A discussion of race, politics, media and the like… What I see is what you get.

The Longest War


First, let me say that I aspire to write my thoughts down on paper with the effectiveness and illustration that Ta-Nehisi Coates does.
That being said, this column is exactly my feelings on the birther issue. The issue itself is profoundly disconcerting and disheartening for me because it shows that we do live in two different worlds…and race is the dividing line. Conversations that I have with my boys are the same conversations that my mother had with me and my siblings and her mother had with her and her siblings. As the saying goes, “You will have to work twice as hard to get half as much as your white counterpart.” This is part of the war that Black parents wage everyday…TODAY…in this country that blames the poor for their condition. This is the battle we have been fighting since this country’s inception. The birther issue is the modern day reincarnation. And if the first Black president is not immune, with his credentials…then what about me or my sons…???

One of things that always amazed me about the reaction to the Poundcake Speech was the assumption among pundits that Cosby was somehow bravely stating truths which the black community didn’t want to address. This is the sort of thing that happens when you have a pundit-class more interested in abstract thought experiments, than actually going into black neighborhoods, or really, any neighborhood that might be unfamiliar.In point of fact, every black parent I know is at war with their children in a way that white parents are not.  I grew up in house where the history of race and racism was the air. But concurrent to that history was the deeply-held belief that American racism was never an excuse for cynicism, anti-intellectualism, thuggism or nihilism. My parents were  conscious. But when I was failing my way through school, I don’t recall them ever raising their clenched fists and exclaiming “Damn the white man.”

To the contrary, there was a deep-seated belief that educating yourself was essential, and that hard work ultimately prevails. Whatever their broader critiques, it was that essential faith that united them with the rest of the country. Preaching that faith is a lot easier when you have actual examples to point to. In terms of external examples (outside of the family) there are no better models, right now, than Barack and Michelle Obama.

What many white people fail to realize is that though Barack Obama and his family are unique to them, they are deeply familiar to black people. Put differently, they are from our particular neighborhood. I think back to Michelle Obama’s own words:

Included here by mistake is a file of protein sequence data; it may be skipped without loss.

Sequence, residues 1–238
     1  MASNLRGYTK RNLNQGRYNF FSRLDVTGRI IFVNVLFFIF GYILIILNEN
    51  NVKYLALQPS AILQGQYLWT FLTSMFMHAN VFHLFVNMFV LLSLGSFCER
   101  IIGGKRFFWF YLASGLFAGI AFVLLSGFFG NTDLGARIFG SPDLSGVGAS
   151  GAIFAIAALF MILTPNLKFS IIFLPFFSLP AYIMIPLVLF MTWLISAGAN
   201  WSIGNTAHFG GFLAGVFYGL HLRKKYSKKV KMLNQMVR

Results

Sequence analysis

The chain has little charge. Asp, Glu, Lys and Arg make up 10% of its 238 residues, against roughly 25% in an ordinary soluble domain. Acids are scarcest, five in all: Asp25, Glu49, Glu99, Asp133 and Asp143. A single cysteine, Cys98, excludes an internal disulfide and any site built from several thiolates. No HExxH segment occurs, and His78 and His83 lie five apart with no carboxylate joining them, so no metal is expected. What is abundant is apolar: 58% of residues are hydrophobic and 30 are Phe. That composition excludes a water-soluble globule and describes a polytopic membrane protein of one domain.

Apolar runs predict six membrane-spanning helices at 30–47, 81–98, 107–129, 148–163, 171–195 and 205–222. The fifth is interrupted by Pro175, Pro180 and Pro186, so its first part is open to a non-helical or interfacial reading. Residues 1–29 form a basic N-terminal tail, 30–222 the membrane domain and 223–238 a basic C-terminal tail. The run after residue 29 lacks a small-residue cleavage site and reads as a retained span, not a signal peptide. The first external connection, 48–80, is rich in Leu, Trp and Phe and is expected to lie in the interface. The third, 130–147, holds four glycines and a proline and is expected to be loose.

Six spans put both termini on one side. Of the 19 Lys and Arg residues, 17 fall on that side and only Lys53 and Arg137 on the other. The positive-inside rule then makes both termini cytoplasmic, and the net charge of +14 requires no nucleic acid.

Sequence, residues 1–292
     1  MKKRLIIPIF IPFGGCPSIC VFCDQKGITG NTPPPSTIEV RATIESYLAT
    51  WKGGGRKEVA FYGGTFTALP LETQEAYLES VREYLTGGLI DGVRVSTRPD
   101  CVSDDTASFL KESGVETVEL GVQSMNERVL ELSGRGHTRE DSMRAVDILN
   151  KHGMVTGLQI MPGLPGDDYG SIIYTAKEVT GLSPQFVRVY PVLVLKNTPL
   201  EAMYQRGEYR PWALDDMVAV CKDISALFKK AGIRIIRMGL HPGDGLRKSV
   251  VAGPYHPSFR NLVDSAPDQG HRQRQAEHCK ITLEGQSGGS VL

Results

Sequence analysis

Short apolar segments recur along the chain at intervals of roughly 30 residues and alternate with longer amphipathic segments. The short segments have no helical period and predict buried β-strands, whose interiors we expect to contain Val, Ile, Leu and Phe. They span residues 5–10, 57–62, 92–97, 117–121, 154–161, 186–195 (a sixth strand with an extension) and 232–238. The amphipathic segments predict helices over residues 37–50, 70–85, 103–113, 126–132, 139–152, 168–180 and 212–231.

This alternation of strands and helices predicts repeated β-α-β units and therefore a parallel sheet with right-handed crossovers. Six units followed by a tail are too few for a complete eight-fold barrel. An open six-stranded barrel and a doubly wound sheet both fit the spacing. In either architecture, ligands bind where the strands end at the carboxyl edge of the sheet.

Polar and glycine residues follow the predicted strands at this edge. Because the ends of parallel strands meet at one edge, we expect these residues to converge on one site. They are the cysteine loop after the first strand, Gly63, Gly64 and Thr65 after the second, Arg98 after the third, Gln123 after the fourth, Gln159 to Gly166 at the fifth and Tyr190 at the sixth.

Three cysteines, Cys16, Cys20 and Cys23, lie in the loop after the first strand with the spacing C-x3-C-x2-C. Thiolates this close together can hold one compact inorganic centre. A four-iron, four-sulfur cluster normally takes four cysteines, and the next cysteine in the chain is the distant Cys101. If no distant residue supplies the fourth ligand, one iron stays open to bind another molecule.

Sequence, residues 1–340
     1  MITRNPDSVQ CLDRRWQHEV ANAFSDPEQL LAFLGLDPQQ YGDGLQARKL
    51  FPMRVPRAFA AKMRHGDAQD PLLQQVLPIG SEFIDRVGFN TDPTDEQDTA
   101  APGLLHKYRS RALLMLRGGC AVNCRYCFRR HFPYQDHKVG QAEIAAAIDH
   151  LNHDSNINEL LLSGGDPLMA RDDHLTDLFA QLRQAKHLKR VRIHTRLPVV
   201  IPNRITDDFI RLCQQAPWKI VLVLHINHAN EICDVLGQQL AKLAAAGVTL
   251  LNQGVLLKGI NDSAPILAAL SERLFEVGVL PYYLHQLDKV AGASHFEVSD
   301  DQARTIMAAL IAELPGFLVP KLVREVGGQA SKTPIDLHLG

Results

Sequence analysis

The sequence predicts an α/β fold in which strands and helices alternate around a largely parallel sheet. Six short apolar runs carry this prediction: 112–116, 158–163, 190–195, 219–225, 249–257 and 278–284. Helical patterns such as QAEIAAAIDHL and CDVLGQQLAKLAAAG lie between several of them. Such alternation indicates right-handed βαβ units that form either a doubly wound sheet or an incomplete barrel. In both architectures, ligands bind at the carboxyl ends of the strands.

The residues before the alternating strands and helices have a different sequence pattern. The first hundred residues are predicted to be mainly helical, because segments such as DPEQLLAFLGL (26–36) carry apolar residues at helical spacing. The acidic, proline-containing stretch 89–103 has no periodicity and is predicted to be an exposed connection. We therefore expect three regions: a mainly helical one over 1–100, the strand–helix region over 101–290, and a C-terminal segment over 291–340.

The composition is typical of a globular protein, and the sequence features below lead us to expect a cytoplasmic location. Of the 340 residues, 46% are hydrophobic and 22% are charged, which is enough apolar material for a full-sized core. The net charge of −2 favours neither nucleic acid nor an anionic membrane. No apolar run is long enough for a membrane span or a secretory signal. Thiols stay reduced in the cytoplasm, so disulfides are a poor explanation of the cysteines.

“People have never met a Michelle Obama,” the soon-to-be first lady said toward the end of our interview. “But what they’ll come to learn is that there are thousands and thousands of Michelle and Barack Obamas across America. You just don’t live next door to them, or there isn’t a TV show about them.”

But we do live next door to them, and the TV show is our lives. We went to church and played in summer leagues with people like them. I went to college with people like them. This is not to slight Barack Obama’s truly remarkable story, nor the indispensable labor of the people who raised him. But there were biracial black people with wild stories all across my college campus. The first girl I ever really loved was raised by her Jewish mother, in all-white small town in Pennsylvania. She was unique, but not because of her background. The strictures of segregation gifted black people with the particular beauty of being a deeply interwoven diaspora on to ourselves, rendering “Black” into a broad country.

To see that country manifested in the White House is the sort of boon that you can’t really attach to statistics. But for those of us who are waging the fight against a crippling cynicism, who are urging our children on, who visit schools and begin our addresses with, “I remember when I just like you,” the First Family is perhaps the greatest weapon in our arsenal.

From the perspective of race, we don’t object to people trying to defeat Obama. We don’t object to Hillary claiming he’s soft. We don’t object to McCain claiming he’s a celebrity. We don’t object to the GOP calling him a tax and spend liberal. We don’t even object to Mitt Romney aspiring to hang him. (We know what you meant, Mitt.)

But when broad sections of this country foolishly follow a carnival barker in the ugly tradition of attacking black citizenship rights, when pundits shriek  that Obama’s successes are simply the result of the misguided largess of white people, they undermine our most intimate war. They undermine the notion that someone familiar to that kid on the corner could legitimately reach the highest levels of the country, that someone like that kid’s Aunt could be the First Lady. They undermine this country’s social contract, and the “hard work pays” message of my parents. And to that we object.

For if they will not take as legitimate a magna cum laude from their highest institutions, if they will not accept a man who tells black kids to cut off the video games and study, who accedes to their absurd requests one week, and slays their demons the next, who will they accept? Who among us would they ever believe? -Ta-Nehisi Coates

The Longest War – Atlantic Mobile.

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